Earlier this year, Valeant Pharmaceuticals Intl Inc. (TSX:VRX)(NYSE:VRX) announced what it refers to as the Significant Seven — a group of upcoming products from which the company could realize sizable and sustainable revenue growth of US$1 billion over the next few years.
The Significant Seven was a key step of Valeant’s much-hyped turnaround plan, which was beginning to gain traction with both investors as well as with the stock price, which is still up nearly 20% year to date. Last month, Valeant even announced it would adopt a new name to leave its troubled past behind.
That positive outlook took a hit this week.
FDA fails to approve Duobrii
This week, the FDA announced that it would not be granting approval for Duobrii just yet. Duobrii is one of three plaque psoriasis-related drugs that make up the Significant Seven, and a delay or an outright rejection of the drug could spell re-evaluating the company’s proposed revenue growth from its new drugs.
As it stands now, a potential release of Duobrii in 2018 seems unlikely, and a 2019 release could also be optimistic, given that a series of meetings and reviews are likely to follow, and additional information from the FDA could trickle in over the course of the next six months.
One positive takeaway is that FDA didn’t cite any issues with either the manufacturing or the clinical profile of the drug, so an eventual approval could still be forthcoming.
To try to expedite the process and maintain some hope of coming close to its targets, Valeant is seeking out a meeting with the agency to address any concerns and work towards bringing Duobrii to market.
What this means for Valeant and investors
Long-time investors and followers of Valeant will recall that the company’s former business model was reliant on cheap loans that were used to acquire drugs that Valeant could then hike prices on and move on to the next drug with more cheap loans.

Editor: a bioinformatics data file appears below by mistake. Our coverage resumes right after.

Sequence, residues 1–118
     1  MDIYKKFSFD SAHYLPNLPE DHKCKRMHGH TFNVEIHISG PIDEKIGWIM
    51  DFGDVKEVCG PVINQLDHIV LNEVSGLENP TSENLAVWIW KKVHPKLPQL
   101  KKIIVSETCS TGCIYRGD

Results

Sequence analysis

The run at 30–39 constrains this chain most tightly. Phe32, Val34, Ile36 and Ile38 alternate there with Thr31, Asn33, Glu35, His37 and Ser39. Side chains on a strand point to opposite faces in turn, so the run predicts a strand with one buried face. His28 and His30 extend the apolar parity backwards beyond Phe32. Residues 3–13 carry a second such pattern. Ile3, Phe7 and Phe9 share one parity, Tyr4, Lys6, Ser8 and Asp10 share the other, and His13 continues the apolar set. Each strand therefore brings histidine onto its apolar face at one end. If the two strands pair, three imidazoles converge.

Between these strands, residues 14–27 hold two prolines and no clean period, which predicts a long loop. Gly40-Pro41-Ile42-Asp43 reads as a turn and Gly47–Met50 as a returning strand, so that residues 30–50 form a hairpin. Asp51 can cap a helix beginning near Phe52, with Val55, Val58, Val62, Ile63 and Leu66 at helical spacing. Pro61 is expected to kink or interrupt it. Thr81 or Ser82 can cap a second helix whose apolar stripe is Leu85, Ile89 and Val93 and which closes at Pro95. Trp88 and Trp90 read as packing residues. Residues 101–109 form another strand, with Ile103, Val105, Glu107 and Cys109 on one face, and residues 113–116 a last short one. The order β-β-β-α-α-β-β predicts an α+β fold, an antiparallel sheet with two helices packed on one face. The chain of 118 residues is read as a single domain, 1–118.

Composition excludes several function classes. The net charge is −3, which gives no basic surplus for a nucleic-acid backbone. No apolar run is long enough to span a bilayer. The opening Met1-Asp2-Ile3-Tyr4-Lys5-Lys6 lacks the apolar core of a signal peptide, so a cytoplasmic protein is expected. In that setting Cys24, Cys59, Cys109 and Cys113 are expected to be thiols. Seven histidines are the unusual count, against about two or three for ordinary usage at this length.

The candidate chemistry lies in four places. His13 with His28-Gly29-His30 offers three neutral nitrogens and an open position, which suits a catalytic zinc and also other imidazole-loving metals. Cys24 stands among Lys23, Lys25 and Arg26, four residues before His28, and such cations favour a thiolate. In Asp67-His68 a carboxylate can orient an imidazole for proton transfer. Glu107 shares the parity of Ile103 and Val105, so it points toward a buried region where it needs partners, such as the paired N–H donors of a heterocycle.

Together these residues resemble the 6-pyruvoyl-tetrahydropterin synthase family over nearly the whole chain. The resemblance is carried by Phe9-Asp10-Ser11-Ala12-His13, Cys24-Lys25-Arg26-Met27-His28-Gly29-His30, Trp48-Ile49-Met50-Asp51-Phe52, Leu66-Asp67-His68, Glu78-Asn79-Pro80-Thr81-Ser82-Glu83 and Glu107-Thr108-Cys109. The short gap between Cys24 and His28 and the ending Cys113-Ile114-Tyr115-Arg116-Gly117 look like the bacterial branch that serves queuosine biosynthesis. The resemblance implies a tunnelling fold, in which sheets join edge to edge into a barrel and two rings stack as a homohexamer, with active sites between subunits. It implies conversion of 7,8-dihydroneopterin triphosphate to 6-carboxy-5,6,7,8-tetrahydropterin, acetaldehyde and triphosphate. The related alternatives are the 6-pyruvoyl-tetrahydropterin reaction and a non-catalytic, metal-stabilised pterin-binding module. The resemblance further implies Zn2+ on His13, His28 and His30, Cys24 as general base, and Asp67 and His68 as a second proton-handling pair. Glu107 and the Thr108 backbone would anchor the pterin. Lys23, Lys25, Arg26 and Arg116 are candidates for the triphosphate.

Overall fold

While we’re all familiar with the epic collapse of Valeant’s stock price that followed, there’s a key point to be made about that period in time and the current environment.
The Significant Seven represents Valeant’s shift to a more traditional research-and-development (R&D) approach over the acquire-and-market stance of the past, and that traditional R&D method often comes with delays and setbacks, such as this one from the FDA.
Valeant still has two more outstanding regulatory decisions for two other drugs that are expected to be decided on in August and then in October.
Current and prospective investors in Valeant need not be reminded that Valeant is still a work in progress and that the company was never intended to have speedy recovery or return to its former glory as the darling of the market.
In other words, investing in Valeant requires a certain appetite for risk and a long-term commitment. A 25% increase in Valeant’s dermatology sales force announced earlier this year will reap rewards, as will Valeant’s impressive work to chew away at the mountain of debt the company still has.
The results and growth will come — just not this week or as a result of this announcement.
This article represents the opinion of the writer, who may disagree with the “official” recommendation position of a Motley Fool premium service or advisor. We’re Motley! Questioning an investing thesis — even one of our own — helps us all think critically about investing and make decisions that help us become smarter, happier, and richer, so we sometimes publish articles that may not be in line with recommendations, rankings or other content.
Fool contributor Demetris Afxentiou has no position in any stocks mentioned. Tom Gardner owns shares of Valeant Pharmaceuticals. The Motley Fool owns shares of Valeant Pharmaceuticals.